House Democrat Jacky Rosen voted with Republican Mark Amodei to reopen the government early Friday morning after Congress briefly let funding lapse—the second government shutdown in three weeks.
Rosen was one of 73 Democrats who voted for the spending bill, but fellow Nevada Democrats Dina Titus and Ruben Kihuen announced their opposition to the legislation hours before the House considered the measure, which was approved 240 to 186. President Trump signed the bill upon receiving it, officially reopening the government.
Democratic Sen. Catherine Cortez Masto was one of the 73 senators who voted to end debate on the budget deal earlier Friday morning. Republican Dean Heller also voted to cut off debate, which requires 60 votes. They were among the 71 senators who voted to approve the measure.
Cortez Masto has voted for three of the five stop-gap funding bills passed by Congress since October. She opposed the previous measure over concerns that McConnell would not keep his promise to have an open debate on immigration in the Senate. After the vote Friday morning, McConnell took steps to tee up for next week the immigration debate he promised.
Heller has voted for all five of the stop-gap bills.
To win maximum support, the bill also provides about $90 billion in disaster relief, that would mostly go to Texas, Florida and Puerto Rico, which have suffered hurricanes. The deal also extends the Children’s Health Insurance Plan for 10 years. The previous CR extended the CHIP program for six years. Nearly 69,000 Nevada kids were enrolled in the program last year, according to the Kaiser Family Foundation.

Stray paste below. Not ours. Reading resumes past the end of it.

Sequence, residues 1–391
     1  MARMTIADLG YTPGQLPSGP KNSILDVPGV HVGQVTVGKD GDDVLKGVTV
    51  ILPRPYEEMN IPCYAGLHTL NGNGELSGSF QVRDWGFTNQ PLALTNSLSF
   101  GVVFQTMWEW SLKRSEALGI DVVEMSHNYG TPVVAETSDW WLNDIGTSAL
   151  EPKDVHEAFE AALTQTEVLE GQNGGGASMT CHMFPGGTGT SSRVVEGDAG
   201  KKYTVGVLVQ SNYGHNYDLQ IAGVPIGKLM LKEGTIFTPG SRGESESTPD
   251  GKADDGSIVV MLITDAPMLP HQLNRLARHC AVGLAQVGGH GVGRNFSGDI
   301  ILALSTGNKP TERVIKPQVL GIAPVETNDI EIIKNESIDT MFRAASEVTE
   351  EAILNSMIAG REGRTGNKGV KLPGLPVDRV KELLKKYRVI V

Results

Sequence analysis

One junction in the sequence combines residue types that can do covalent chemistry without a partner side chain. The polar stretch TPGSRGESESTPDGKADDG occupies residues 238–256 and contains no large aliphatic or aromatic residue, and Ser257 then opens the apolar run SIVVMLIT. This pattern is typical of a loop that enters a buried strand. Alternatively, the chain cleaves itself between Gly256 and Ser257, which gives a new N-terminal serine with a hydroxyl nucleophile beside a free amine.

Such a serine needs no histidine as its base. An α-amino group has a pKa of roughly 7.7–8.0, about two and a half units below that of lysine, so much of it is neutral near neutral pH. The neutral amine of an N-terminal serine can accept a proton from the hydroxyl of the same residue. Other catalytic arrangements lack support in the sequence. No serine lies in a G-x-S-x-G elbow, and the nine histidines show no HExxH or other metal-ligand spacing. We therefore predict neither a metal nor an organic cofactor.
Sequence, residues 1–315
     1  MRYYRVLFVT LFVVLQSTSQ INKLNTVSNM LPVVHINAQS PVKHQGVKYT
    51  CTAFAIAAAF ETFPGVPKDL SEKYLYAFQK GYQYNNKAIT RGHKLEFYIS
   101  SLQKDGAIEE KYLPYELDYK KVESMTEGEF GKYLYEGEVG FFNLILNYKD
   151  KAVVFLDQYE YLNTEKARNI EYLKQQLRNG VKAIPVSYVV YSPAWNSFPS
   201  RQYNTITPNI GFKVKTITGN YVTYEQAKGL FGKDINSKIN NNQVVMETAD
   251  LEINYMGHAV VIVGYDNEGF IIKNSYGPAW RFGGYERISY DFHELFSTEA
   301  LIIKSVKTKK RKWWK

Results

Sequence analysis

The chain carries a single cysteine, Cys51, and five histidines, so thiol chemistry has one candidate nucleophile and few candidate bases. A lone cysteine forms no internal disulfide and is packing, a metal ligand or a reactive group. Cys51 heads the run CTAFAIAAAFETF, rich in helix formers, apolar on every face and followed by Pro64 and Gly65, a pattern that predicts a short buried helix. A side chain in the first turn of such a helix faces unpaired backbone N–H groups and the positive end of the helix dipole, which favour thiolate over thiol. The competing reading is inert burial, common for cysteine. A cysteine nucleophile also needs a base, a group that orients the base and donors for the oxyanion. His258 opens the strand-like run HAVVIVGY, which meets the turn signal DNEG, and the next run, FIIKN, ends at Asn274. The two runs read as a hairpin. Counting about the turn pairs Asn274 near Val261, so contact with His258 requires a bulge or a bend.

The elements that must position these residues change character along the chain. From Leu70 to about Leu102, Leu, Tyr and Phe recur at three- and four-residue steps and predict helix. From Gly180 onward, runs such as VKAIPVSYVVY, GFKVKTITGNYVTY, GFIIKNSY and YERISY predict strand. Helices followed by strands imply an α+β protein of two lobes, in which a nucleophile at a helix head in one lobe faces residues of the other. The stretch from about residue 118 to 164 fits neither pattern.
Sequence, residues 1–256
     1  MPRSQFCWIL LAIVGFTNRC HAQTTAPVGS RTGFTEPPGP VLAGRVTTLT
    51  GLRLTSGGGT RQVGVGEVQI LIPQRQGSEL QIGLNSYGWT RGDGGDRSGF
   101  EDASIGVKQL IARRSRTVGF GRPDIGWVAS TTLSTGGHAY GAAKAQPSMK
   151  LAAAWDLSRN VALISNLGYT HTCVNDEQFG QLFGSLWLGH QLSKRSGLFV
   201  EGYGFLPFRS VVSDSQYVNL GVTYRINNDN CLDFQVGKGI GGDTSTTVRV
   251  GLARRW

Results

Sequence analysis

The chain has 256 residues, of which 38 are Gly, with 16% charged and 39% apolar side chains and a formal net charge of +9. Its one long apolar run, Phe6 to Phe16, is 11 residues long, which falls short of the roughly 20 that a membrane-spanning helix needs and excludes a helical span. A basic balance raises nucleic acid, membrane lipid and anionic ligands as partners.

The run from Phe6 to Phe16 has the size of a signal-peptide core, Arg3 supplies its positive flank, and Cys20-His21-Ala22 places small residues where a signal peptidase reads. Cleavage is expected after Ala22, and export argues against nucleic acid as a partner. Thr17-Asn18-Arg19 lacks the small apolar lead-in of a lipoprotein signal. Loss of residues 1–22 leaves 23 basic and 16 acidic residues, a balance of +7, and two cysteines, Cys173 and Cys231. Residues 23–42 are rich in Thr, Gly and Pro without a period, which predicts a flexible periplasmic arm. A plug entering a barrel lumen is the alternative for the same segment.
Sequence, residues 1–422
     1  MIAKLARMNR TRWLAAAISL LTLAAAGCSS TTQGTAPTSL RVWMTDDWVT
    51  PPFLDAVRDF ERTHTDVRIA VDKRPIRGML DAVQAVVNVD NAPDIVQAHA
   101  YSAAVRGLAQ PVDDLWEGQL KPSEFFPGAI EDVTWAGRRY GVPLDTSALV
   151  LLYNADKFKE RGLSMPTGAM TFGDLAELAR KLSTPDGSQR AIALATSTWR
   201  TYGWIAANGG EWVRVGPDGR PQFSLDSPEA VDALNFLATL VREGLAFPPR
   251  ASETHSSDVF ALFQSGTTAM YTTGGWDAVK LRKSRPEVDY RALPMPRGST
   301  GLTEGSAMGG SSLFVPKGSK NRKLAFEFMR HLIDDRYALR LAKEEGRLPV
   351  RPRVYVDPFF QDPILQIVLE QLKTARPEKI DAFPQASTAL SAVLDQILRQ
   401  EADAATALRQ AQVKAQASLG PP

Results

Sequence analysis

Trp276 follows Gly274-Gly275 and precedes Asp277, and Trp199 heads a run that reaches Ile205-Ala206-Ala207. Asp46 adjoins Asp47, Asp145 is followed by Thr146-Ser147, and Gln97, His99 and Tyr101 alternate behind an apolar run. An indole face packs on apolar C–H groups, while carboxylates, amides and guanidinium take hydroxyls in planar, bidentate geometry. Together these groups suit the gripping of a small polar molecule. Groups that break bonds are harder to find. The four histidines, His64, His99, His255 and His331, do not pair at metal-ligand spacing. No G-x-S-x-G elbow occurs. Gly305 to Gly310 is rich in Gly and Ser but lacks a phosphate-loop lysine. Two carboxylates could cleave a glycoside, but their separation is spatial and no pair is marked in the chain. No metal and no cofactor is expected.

The legislation also would create a bipartisan, bicameral panel charged with developing a proposal to reform the budget and appropriations process. A similar committee was established by Congress in a budget deal struck in 2011, but that panel failed to reach a bipartisan agreement and was dissolved in 2012.
Although the previous shutdown was used as a political cudgel, mostly against Democrats, the brief shutdown was primarily blamed on Kentucky Republican Rand Paul.
In the Senate, each senator must give consent if leaders wish to change the regular process and hold a vote ahead of its scheduled time, which was the case in this instance. Much to the consternation of senators on both sides of the aisle, Paul refused to allow the vote on the deal to be moved up because he was upset that the budget agreement would add to the deficit.
“Are we to be conservative all the time, or only when we're in the minority?,” Paul said on Twitter in an effort to shame his GOP colleagues by pointing out that they rabidly opposed spending when the Democrats were in power.
“Make no mistake, I will always stand up for fiscal responsibility, regardless of which party is in power, and I will continue to call the Republican Party home to the ideas that led to Americans trusting us with government in the first place,” he wrote.
There was also considerably less political sparring over social media between Rosen and Heller. Rosen is running for Heller’s seat and their interactions over Twitter have been pugnacious. During the previous shutdown, the two traded barbs blaming each other for contributing to the debacle.